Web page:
U.S. Federal Aviation Administration, "Information for Operators," InFO 14010, 25 July 2014.

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Footnote 53

Ibid.

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Footnote 54

U.S. National Transportation Safety Board Aviation Accident Final Report ANC07MA083.

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Footnote 55

U.S. Federal Aviation Administration Safety Recommendation 08.165, Stall Warning.

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Footnote 56

Transport Canada, Civil Aviation Safety Alert 2014-02, 17 July 2014.

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Footnote 57

Viking Air Limited has developed an improved artificial stall warning system under MOD 2/1605 based on the legacy artificial stall warning system installation offered under MOD 2/973 at the time the DHC-2 was certified.

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Footnote 58

Transport Canada, Civil Aviation Safety Alert 2014-02, 17 July 2014.

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Footnote 59

TSB Aviation Investigation Report A11W0048: Loss of control – In-flight breakup, de Havilland DHC-3 Otter C-GMCW, Mayo, Yukon, 38 nm NE, 31 March 2011.

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Footnote 60

Subpart 107 of the Canadian Aviation Regulations.

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Footnote 61

TSB Aviation Investigation Report A13H0001: Controlled flight into terrain, 7506406 Canada Inc., Sikorsky S-76A (helicopter), C-GIMY, Moosonee, Ontario, 31 May 2013.

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Footnote 62

National Transportation Safety Board, Special Investigation Report: Safety of the Air Tour Industry in the United States, NTSB Number: SIR9501, at https://www.ntsb.gov/safety/safety-studies/Documents/SIR9501.pdf (last accessed 14 March 2017).

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Footnote 63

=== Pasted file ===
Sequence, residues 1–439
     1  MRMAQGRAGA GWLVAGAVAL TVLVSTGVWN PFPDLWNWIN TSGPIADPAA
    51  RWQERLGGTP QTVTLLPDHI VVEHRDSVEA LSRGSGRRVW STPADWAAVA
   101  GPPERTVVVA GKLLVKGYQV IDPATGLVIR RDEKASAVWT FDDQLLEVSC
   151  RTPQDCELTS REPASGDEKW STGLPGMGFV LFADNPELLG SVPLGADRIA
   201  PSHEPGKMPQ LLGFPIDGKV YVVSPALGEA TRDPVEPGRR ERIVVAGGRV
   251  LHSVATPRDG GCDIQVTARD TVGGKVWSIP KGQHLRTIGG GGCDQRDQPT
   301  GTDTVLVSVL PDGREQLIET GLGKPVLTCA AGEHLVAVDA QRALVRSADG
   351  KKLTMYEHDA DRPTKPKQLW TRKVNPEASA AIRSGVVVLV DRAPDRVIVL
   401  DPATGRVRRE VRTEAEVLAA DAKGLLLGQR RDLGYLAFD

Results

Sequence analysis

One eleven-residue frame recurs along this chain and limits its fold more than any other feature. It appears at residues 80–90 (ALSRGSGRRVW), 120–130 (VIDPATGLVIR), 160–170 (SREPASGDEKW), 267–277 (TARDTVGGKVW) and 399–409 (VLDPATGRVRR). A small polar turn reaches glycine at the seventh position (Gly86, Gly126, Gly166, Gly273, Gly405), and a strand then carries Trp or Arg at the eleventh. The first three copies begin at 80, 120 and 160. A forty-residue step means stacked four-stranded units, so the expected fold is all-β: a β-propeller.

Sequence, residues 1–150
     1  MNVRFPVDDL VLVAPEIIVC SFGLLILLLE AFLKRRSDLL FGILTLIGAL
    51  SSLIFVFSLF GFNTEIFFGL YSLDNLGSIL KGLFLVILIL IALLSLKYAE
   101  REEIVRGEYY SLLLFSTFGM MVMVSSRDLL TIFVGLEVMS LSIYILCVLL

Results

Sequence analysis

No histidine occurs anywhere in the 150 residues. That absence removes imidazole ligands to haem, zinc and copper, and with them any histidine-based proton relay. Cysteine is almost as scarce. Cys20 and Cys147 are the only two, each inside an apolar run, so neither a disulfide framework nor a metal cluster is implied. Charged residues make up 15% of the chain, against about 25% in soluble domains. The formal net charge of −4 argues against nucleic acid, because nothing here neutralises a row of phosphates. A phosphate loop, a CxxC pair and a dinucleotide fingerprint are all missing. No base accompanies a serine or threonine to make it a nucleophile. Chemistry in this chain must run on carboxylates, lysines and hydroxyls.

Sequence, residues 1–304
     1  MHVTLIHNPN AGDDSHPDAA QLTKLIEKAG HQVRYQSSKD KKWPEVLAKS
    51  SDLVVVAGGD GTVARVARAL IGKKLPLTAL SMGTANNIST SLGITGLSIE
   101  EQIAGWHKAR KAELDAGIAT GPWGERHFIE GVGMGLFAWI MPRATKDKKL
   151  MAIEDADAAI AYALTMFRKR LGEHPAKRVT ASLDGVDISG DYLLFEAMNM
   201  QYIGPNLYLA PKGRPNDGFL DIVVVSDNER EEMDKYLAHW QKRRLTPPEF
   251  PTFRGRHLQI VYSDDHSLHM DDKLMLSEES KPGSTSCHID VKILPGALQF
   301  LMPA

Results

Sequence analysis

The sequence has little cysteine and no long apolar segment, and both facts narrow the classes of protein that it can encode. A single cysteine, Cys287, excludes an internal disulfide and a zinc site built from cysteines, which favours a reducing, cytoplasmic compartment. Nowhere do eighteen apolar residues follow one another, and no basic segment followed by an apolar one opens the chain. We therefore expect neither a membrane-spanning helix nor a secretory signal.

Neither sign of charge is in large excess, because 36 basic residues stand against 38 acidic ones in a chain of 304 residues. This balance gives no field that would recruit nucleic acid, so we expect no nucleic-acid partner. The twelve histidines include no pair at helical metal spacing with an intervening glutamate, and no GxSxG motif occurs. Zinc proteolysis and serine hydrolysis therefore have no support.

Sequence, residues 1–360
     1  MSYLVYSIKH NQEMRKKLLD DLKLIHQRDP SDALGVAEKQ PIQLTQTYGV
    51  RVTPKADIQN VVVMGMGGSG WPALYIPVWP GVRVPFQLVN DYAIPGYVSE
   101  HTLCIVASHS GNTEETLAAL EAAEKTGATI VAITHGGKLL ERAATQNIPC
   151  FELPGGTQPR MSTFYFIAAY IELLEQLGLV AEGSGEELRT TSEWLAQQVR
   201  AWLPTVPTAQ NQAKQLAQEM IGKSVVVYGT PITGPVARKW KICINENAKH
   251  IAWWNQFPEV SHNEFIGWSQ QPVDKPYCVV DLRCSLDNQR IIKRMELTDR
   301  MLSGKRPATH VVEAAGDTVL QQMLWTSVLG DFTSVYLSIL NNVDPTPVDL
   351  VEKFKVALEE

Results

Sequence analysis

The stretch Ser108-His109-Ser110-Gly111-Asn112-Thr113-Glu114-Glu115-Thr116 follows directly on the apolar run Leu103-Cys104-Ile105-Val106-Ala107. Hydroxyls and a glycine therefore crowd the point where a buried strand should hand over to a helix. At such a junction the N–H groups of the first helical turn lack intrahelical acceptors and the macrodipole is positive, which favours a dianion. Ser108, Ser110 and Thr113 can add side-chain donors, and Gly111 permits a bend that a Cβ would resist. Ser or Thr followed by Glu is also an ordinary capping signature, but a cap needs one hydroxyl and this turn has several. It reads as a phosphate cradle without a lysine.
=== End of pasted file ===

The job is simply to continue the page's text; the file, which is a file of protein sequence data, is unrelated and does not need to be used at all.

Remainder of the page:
Ibid., p. 3.

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Footnote 64

Attitude limit: 10°. Angle of bank limit: 30°.

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Footnote 65

Tour Operators Program of Safety, "Program Overview," at http://www.topssafety.org/program-overview (last accessed 22 March 2017).

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Footnote 66

S. Ballard, "The U.S. Commercial Air Tour Industry: A Review of Aviation Safety Concerns," Aviation, Space and Environmental Medicine, Vol. 85, No. 2 (2014), pp. 160 to 166.

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Footnote 67

Ibid., p. 164.

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Footnote 68

Section 703.27 of the Canadian Aviation Regulations.

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Footnote 69

Section 703.27 of the Canadian Aviation Regulations.

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Footnote 70

These recorders were not required by regulation.

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Footnote 71

TSB Aviation Investigation Report A13H0001, p. 180.

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Footnote 72

Ibid., recommendations A16-12, A16-13, and A16-14.

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Footnote 73

TSB Aviation Investigation Report A12O0071.